I’ve been thinking about the challenges of getting people to read and more importantly buy your book when it finally gets published. It has been getting more and more obvious to me that it’s never too soon to develop an audience, not to mention build that network of contacts, before your book comes out.
Let’s explore that thought for a moment, shall we?
I’ve been told about the challenges of having a book accepted by a publisher. There’s the contract negotiation, the back and forth editing, promotion, etc. A lot of work goes on behind the scenes (so I’m told… no experience with that aspect yet) before the book ever hits the shelves. And when it hits the shelves, then what?
Those people in the know all say that you, as the author, must take the initiative to promote and sell the book. But wait a minute! I’m not a marketing person (actually I AM a marketing person, but I’m speaking hypothetically) nor am I a sales person. Why in Hell am I supposed to do that? Isn’t the publisher going to earn their 93% by doing that for me?
In a word, no. The publisher’s 93% largely goes towards actually printing and distributing your book. Most publishers simply don’t have the budget to do all the promotion (again, I’m going on the word of others for this).
So that means it’s up to me; a pretty scary thought. But wait! I’m going to be VERY busy doing all the editing to get the book ready. I’ve got a full-time job and a family… I can’t afford the time to go out and make contacts and build a following.
If you’re saying that after you’ve already got the publisher, you may be right. There’s no arguing that it will take time and energy to do the marketing.
However, if your book is still in the pre-publisher stages, maybe it’s not so bad. You still have some time to invest in self-promotion.
Take my strategy, for example. I’m a contributor to StartingWriteNow (didn’t see that one coming, did you?), so I’m at least getting my voice (and name) known out there. I’m getting out and meeting other authors so I can learn from them. I’m attending workshops (and conferences later this year). Oh yeah, and I’m talking about my writing to anyone who will listen. All those efforts are being made so when I finally do get that publisher I can either get on the phone or send out some emails letting people know about the coming book.
But that’s only half the battle.
I’ve still got to start meeting with bookstore managers, learning who the local media are and getting exposure on some of the various writing sites. I’ve also got to join a couple of writing organizations and actively participate in them so I get known. Those things will definitely help too.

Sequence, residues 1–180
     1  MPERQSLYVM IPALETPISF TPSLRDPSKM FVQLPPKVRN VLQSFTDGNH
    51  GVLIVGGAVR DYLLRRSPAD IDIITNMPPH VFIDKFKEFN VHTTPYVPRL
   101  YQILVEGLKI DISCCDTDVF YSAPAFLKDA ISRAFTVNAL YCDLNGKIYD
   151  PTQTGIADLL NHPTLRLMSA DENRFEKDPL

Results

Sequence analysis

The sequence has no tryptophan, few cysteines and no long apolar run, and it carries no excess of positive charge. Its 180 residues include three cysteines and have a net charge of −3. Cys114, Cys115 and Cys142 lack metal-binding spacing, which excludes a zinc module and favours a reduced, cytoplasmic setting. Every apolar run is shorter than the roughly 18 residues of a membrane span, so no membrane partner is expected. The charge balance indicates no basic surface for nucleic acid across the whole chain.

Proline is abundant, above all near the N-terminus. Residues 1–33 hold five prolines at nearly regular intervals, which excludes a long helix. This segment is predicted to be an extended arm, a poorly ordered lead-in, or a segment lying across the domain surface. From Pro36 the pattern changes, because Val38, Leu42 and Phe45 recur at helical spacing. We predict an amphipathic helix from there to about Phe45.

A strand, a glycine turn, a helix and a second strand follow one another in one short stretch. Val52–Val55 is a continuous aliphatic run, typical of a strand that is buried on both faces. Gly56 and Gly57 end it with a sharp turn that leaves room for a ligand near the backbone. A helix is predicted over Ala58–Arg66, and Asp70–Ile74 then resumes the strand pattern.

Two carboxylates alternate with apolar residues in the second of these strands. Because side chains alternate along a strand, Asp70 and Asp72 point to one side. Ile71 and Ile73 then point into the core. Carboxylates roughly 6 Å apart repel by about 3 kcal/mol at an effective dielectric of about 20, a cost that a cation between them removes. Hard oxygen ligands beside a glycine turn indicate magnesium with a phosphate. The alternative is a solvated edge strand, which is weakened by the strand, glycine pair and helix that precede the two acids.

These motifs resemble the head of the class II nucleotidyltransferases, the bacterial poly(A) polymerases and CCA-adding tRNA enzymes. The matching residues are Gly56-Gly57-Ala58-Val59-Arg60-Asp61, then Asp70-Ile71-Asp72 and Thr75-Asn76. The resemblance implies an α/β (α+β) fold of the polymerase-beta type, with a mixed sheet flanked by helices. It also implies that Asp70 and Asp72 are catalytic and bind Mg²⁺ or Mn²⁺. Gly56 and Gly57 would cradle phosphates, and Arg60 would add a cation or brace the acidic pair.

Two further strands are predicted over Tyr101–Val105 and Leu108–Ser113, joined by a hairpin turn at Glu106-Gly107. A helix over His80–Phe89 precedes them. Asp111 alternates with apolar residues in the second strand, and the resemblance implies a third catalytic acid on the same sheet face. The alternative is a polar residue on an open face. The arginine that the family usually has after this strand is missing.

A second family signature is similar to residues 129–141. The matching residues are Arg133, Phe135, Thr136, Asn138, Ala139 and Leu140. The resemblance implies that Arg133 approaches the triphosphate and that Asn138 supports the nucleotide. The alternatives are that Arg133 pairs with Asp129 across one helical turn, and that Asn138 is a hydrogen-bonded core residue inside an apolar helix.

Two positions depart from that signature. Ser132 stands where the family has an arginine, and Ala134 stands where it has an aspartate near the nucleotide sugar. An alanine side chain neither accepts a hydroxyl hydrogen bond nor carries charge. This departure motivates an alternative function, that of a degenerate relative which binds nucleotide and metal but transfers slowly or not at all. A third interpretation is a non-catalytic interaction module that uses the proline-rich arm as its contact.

I’ve also been introduced to a few social networking groups a la Facebook and Twitter, not to mention Second Life. I should consider spending some time contributing there as well.
Notice I said should. I haven’t done all that… at least not yet, but I will be. There’s simply so much out there that I don’t want to take a shotgun approach. I want to look and see where the most value is. I can definitely contribute EVERYWHERE but I should focus on those areas that bring the best returns.
Now, you may be saying that a lot of the things I’ve talked about are places that other authors frequent. If you are, you would be right. But keep something in mind, writers are readers too (just ask Sean). Another author is as much a potential sale as anyone else, maybe even more because you know they enjoy the written word. Make sure you don’t exclude them.
Ultimately, think about who might love books. Journalists, librarians, other writers, bookstore employees… the list can be as long as you make it. Make contacts with them all. Remember, anyone who deals with books all the time is often considered to be an expert by those who don’t. Get bookstore employees on your side (for example) and guess whose books they recommend whenever a customer asks what book would be good to buy.
Just think about it. And then get out there and start making those connections. The more you make now, the easier it will be later.